Getting your kids working in the garden and eating in the kitchen

I spend half of my working week helping children to grow food in school gardens and the most of my non (paid) working life trying to think of healthy meals my children will eat. Most of my work with school children is via the Stephanie Alexander Kitchen Garden Foundation. This is a fantastic program with flexible models to suit all schools. Teachers are given training and curriculum support and kids are exposed to the joys of gardening and cooking while trying new foods they’ve had a hand in growing. I joined the program for environmental reasons not convinced it would really change eating habits. After a few years of being involved I have become convinced that getting your kids involved in the growing and cooking of food is a great way to ensure they remain interested and engaged with their nutritional health not to mention that ever increasing importance of knowing where your food comes from.

But what about at home? And what if you have fussy eaters in the house who aren’t old enough for school or not at a school with a kitchen garden program? I, like lots of others, have one (or two) of those children who aren’t particularly interested in eating vegetables or trying new things. I did the growing thing. We grew peas. He planted the peas, watched them grow, then watched me eat them. Legumes aren’t his thing I discovered.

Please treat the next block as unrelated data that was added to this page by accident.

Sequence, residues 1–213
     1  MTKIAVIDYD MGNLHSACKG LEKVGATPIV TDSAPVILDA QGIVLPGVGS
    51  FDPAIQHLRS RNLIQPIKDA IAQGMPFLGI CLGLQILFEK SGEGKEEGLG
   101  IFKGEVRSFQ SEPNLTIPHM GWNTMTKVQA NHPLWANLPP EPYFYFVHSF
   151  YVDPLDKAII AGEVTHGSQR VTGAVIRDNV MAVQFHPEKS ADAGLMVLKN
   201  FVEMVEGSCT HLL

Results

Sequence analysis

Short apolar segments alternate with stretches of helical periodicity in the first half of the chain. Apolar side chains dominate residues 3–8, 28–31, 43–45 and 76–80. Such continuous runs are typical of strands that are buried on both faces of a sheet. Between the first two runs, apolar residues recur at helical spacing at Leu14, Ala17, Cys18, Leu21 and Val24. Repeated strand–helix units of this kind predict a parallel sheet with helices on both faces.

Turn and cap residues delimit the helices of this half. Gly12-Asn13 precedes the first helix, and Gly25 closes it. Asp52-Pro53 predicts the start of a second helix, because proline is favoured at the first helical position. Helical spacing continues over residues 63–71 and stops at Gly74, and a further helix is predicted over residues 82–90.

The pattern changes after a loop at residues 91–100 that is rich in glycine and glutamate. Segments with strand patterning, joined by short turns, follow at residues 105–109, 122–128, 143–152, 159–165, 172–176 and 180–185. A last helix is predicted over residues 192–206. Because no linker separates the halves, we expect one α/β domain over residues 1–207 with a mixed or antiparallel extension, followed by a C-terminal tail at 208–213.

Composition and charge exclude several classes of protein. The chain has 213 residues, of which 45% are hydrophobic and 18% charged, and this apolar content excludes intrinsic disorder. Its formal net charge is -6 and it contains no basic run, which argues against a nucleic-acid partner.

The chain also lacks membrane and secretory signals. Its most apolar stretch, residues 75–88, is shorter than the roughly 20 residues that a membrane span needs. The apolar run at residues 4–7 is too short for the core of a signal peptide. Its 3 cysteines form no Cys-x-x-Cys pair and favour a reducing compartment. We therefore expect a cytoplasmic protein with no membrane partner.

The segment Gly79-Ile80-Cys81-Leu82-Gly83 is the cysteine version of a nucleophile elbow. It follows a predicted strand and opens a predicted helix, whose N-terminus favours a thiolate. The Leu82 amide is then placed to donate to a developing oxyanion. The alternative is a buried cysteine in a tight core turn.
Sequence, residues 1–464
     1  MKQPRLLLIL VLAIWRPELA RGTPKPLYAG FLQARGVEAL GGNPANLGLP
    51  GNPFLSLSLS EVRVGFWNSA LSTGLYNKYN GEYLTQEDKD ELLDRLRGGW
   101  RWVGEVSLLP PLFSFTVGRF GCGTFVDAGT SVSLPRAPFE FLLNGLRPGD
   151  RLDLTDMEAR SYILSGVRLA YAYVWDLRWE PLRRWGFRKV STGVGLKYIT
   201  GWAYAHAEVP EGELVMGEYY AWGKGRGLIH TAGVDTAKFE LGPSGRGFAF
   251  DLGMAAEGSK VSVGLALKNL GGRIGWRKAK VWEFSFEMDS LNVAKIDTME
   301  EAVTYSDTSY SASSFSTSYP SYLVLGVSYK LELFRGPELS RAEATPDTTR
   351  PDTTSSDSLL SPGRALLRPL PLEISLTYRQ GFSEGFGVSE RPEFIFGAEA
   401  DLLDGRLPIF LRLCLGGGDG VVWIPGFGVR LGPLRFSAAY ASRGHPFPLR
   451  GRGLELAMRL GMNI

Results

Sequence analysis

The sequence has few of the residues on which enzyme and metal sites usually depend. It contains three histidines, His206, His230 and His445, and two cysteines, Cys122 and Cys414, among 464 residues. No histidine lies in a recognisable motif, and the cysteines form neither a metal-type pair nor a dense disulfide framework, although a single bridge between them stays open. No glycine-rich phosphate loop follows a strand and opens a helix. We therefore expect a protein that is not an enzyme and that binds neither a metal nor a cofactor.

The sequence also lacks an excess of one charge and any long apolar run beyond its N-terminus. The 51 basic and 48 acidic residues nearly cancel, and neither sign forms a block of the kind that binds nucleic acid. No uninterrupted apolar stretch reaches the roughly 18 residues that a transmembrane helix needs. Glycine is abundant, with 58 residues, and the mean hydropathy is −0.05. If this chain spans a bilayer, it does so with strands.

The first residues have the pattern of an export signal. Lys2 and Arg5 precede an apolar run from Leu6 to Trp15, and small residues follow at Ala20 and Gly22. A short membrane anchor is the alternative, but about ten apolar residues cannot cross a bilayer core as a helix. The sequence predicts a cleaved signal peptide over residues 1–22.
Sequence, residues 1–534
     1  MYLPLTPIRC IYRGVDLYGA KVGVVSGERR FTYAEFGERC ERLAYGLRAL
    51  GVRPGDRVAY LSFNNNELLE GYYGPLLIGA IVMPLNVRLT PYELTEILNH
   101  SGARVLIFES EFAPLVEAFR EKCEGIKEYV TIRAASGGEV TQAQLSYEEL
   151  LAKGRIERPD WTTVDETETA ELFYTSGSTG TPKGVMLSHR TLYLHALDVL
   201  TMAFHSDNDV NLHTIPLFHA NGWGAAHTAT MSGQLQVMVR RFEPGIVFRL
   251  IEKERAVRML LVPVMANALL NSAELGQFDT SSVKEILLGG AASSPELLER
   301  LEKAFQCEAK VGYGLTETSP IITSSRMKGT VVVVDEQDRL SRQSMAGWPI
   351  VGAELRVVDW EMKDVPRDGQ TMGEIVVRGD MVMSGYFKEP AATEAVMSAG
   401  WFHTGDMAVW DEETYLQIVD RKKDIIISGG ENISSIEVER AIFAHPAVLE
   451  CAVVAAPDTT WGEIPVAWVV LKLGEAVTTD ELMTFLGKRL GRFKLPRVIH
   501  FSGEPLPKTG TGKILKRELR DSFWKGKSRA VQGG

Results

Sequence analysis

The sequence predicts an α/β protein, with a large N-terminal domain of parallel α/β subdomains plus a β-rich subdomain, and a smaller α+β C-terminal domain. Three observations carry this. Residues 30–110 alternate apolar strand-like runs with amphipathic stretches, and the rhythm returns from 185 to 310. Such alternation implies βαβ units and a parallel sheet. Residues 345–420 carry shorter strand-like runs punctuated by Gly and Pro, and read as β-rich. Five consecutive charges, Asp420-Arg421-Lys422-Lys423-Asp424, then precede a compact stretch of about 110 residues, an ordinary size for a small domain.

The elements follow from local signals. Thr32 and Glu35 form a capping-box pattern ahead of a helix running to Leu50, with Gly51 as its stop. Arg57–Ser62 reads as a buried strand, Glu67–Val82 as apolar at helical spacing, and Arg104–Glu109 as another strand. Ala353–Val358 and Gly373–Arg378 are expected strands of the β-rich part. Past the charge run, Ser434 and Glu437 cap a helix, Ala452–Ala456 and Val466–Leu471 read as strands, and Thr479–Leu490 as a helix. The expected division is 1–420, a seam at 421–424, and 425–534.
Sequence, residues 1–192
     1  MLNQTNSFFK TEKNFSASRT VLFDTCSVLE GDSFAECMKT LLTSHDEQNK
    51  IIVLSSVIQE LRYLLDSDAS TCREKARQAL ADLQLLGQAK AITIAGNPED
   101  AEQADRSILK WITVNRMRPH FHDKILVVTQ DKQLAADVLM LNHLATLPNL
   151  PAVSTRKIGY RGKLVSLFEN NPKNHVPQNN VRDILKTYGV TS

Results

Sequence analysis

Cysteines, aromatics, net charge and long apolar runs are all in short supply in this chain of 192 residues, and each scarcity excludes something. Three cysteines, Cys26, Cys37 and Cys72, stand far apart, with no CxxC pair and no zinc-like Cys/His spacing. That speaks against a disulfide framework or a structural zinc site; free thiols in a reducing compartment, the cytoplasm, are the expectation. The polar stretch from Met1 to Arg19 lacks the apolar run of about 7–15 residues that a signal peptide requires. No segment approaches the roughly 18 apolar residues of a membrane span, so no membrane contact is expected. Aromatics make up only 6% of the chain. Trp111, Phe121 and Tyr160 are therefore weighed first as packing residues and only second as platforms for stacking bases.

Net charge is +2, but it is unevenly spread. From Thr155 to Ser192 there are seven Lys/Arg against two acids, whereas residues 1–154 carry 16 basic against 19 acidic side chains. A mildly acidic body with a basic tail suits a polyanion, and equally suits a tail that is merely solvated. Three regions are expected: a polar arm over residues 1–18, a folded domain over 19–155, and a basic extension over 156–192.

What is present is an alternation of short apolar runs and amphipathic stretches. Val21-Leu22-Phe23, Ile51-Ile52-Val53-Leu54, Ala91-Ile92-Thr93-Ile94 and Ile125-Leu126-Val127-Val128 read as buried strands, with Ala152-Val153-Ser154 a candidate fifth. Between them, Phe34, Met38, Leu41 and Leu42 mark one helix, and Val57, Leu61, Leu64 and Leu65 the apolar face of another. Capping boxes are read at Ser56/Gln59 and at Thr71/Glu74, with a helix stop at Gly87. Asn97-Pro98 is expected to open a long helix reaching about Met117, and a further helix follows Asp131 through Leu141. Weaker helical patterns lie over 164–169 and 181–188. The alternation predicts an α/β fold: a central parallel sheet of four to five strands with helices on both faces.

But we persisted and found other things to grow that he will eat (he still grows legumes just doesn’t eat them). But the growing alone wasn’t enough to change his eating habits. What really made a difference was group eating. And by that I don’t mean eating with the family. I mean sitting down with a big group of children and watching everyone else enjoying food. This, I find, to be the best place to introduce new foods to my children. Around a camp fire with a few other families or at friend’s houses seem to be the places my difficult eater finds trying new things easier.

So for your fussy eater at home, what can you do?

  • Grow – start small, a few herbs and a strawberry plant
  • Cook – get your kids involved in planning, shopping and preparing
  • Share – make eating a social event

On a side note, taking the pictures for this blog post and checking on our seedlings at the same time my 4 year old saw me taste a new radish leaf and asked for a try. He then asked for another while proclaiming how much he liked it! (He’s not my fussy eater but still, it was a radish leaf?!)

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